|US6228232||Jul 9, 1998||May 8, 2001||Semitool, Inc.||Reactor vessel having improved cup anode and conductor assembly|
|US6251251||Nov 16, 1998||Jun 26, 2001||International Business Machines Corporation||Anode design for semiconductor deposition|
|US6280582||Aug 30, 1999||Aug 28, 2001||Semitool, Inc.||Reactor vessel having improved cup, anode and conductor assembly|
|US6351682||Sep 1, 1999||Feb 26, 2002||Semitool, Inc.||Semiconductor processing workpiece position sensing|
|US6391166||Jan 15, 1999||May 21, 2002||Acm Research, Inc.||Plating apparatus and method|
|US6395101||Oct 8, 1999||May 28, 2002||Semitool, Inc.||Single semiconductor wafer processor|
|US6409829||Dec 15, 1999||Jun 25, 2002||Agere Systems Guardian Corp.||Manufacture of dielectrically isolated integrated circuits|
|US6436249||May 17, 2000||Aug 20, 2002||Novellus Systems, Inc.||Clamshell apparatus for electrochemically treating semiconductor wafers|
|JPH0617291A||Title not available|
|JPH04131395A||Title not available|
|JPH04280993A||Title not available|
|JPS58182823A||Title not available|
|JPS63118093A||Title not available|
|WO1997012079A1||Sep 19, 1996||Apr 3, 1997||Intel Corp||Flexible continuous cathode contact circuit for electrolytic plating of c4, tab microbumps, and ultra large scale interconnects|
|WO1999025902A1||Oct 26, 1998||May 27, 1999||Novellus Systems Inc||Membrane partition system for plating of wafers|
|WO1999025903A1||Oct 26, 1998||May 27, 1999||Novellus Systems Inc||Virtual anode design for use in wafer plating|
|WO1999025904A1||Oct 26, 1998||May 27, 1999||Novellus Systems Inc||Electric potential shaping apparatus for holding a semiconductor wafer during electroplating|
|WO1999025905A1||Oct 26, 1998||May 27, 1999||Novellus Systems Inc||Clamshell apparatus for electrochemically treating semiconductor wafers|
|WO1999026275A2||Oct 26, 1998||May 27, 1999||Novellus Systems Inc||Electroplating system with shields for varying thickness profile of deposited layer|
|WO2000003067A1||Jul 9, 1999||Jan 20, 2000||Semitool Inc||Reactor vessel having improved cup, anode and conductor assembly|
|WO2000032835A2||Nov 29, 1999||Jun 8, 2000||Applied Materials Inc||Electro-chemical deposition system|
|1||Australian Patent Office Written Opinion from SG 9906158-2, Dated Mar. 5, 2002.|
|2||Graham, Kenneth A., Electroplating Engineering Handbook, 2<nd >Edition. (Copy not available to Applicant at this time), no date.|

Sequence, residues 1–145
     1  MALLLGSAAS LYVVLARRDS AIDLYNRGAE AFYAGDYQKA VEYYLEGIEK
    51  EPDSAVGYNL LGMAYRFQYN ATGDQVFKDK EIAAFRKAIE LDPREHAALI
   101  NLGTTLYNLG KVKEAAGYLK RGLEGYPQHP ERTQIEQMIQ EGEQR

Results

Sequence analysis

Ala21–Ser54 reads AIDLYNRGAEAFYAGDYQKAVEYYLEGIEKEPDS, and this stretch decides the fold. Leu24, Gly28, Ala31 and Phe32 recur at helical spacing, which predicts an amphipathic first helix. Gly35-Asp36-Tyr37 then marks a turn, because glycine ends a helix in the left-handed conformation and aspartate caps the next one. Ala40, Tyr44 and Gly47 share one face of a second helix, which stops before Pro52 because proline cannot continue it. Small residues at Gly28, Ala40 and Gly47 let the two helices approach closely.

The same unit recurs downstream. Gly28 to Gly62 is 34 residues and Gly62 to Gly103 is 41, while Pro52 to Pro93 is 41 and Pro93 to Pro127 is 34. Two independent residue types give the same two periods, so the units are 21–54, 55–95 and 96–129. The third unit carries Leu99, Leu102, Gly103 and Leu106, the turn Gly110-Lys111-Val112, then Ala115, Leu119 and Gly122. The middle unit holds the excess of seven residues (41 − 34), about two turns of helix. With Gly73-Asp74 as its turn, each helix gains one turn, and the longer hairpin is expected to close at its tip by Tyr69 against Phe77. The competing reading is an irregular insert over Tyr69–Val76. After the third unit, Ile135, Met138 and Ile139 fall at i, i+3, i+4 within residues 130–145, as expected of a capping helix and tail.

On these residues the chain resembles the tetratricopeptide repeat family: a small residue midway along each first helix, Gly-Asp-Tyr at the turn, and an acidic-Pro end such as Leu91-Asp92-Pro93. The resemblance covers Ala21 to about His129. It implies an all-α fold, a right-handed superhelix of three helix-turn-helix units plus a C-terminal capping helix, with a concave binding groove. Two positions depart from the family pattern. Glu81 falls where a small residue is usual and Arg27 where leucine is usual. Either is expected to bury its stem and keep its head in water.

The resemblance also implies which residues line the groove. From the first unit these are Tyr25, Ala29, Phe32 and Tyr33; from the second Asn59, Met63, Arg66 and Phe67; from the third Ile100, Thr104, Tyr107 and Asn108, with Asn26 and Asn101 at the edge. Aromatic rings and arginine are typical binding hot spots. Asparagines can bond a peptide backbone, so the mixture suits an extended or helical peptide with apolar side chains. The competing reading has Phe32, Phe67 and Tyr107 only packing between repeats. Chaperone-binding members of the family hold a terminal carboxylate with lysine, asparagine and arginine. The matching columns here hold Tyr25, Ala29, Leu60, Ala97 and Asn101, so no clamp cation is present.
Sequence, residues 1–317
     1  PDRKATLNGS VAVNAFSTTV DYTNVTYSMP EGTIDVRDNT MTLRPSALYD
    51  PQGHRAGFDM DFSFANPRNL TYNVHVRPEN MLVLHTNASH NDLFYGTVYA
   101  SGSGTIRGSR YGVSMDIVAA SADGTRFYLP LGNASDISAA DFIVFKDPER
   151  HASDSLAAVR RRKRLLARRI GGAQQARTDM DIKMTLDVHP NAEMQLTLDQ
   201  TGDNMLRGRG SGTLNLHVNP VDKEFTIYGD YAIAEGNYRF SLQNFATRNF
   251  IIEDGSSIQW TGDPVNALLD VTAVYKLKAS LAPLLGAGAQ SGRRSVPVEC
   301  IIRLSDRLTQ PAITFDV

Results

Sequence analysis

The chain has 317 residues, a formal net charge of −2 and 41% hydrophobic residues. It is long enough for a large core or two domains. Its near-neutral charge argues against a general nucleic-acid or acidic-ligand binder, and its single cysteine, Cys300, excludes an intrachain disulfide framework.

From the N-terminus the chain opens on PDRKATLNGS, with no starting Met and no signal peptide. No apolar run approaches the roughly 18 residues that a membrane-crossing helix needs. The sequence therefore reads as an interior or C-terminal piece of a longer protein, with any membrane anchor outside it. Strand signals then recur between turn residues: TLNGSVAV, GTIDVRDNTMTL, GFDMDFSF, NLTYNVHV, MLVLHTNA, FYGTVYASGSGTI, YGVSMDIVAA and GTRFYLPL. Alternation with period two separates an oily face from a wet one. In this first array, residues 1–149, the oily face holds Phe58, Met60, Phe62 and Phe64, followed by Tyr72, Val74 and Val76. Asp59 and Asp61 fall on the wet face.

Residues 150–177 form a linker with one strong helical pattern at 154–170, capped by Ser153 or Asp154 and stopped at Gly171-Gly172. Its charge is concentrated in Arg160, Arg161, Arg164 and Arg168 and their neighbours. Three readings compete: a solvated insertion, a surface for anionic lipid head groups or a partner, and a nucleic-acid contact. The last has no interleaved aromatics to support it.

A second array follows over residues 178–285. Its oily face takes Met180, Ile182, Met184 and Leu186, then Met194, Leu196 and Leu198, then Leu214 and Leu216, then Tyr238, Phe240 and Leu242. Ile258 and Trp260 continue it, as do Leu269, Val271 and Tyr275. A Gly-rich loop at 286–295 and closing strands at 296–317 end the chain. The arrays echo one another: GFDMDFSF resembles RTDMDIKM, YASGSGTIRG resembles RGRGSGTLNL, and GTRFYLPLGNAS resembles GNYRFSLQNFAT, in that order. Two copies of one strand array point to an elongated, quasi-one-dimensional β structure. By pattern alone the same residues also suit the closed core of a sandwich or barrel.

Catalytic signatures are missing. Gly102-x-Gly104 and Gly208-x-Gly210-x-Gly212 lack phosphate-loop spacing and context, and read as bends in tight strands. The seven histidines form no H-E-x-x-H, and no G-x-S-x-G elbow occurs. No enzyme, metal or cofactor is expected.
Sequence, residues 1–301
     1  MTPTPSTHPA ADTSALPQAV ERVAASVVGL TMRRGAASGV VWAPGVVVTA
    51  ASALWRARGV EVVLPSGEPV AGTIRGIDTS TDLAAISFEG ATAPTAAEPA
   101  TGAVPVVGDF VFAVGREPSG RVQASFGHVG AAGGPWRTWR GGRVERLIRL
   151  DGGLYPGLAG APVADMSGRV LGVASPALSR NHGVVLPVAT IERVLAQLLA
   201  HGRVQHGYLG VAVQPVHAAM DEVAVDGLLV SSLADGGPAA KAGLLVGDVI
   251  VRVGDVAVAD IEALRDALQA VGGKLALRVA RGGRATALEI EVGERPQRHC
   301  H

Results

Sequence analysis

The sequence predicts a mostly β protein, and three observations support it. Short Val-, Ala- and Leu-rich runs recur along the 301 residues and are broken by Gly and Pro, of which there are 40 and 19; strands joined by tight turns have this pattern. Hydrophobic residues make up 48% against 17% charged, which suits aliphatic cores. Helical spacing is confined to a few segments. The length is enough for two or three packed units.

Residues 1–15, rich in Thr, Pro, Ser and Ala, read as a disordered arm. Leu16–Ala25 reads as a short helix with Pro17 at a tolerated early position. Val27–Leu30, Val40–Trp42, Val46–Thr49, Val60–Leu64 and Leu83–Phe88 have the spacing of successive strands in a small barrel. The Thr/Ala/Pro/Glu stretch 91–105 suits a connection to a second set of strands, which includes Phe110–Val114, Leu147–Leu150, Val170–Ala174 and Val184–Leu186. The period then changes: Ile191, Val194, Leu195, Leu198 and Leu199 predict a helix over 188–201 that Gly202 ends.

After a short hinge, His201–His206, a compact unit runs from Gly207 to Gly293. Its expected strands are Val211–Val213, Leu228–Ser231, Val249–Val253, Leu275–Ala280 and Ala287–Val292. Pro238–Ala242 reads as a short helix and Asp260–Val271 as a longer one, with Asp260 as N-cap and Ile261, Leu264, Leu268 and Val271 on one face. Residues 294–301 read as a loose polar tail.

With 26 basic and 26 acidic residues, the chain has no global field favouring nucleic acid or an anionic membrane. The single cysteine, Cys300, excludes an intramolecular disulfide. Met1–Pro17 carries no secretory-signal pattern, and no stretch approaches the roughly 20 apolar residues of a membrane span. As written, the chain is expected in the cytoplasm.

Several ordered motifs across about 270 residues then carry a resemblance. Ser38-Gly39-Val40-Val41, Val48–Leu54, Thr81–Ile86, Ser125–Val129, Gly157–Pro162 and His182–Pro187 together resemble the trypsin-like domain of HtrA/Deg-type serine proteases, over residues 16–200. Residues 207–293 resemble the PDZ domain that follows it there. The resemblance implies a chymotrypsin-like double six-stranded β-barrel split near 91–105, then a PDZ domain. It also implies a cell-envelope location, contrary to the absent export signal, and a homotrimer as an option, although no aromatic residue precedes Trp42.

|3||Kenneth E. Pitney, "NEY Contact Manual," Electrical Contacts for Low Energy Uses, 1973, no month.|
|4||Laurell Technologies Corporation, "Two control configuration available-see WS 400 or WS-400Lite," Oct. 19, 1998, 6 pages.|
|5||Lucio Colombo, "Wafer Back Surface Film Removal," Central R&D, SGS-Thompson, Microelectronics, Agrate, Italy, 6 pages, no date.|
|6||PCT International Search Report dated Feb. 7, 2000.|
|7||PCT International Search Report for PCT/US01/20625, dated Jun. 15, 2004 (AMAT/2601.PC.06).|
|8||Peter Singer, "Tantalum, Copper and Damascene: The Future of Interconnects," Semiconductor International, Jun., 1998, pp. cover, 91-92,94,96 & 98.|
|9||Peter Singer, "Wafer Processing," Semiconductor International, Jun., 1998, p. 70.|
|10||Semitool(C), Inc., "Metallization & Interconnect," 1998, 4 pages, no month.|
|11||Vertezq Online(C), "Products Overview," 1996-1998, 5 pages, no month.|
|Citing Patent||Filing date||Publication date||Applicant||Title|
|US7436526 *||Jan 31, 2007||Oct 14, 2008||Promos Technologies Inc.||Real-time system for monitoring and controlling film uniformity and method of applying the same|
|US7846306||Feb 24, 2006||Dec 7, 2010||Applied Materials, Inc.||Apparatus and method for improving uniformity in electroplating|
|US8798795 *||Feb 17, 2012||Aug 5, 2014||Seiko Epson Corporation||Horizontal articulated robot|
|US8831781 *||Feb 21, 2012||Sep 9, 2014||Seiko Epson Corporation||Horizontal articulated robot, and method of controlling the same|
|US9114539 *||Mar 27, 2014||Aug 25, 2015||Seiko Epson Corporation||Horizontal articulated robot, and method of controlling the same|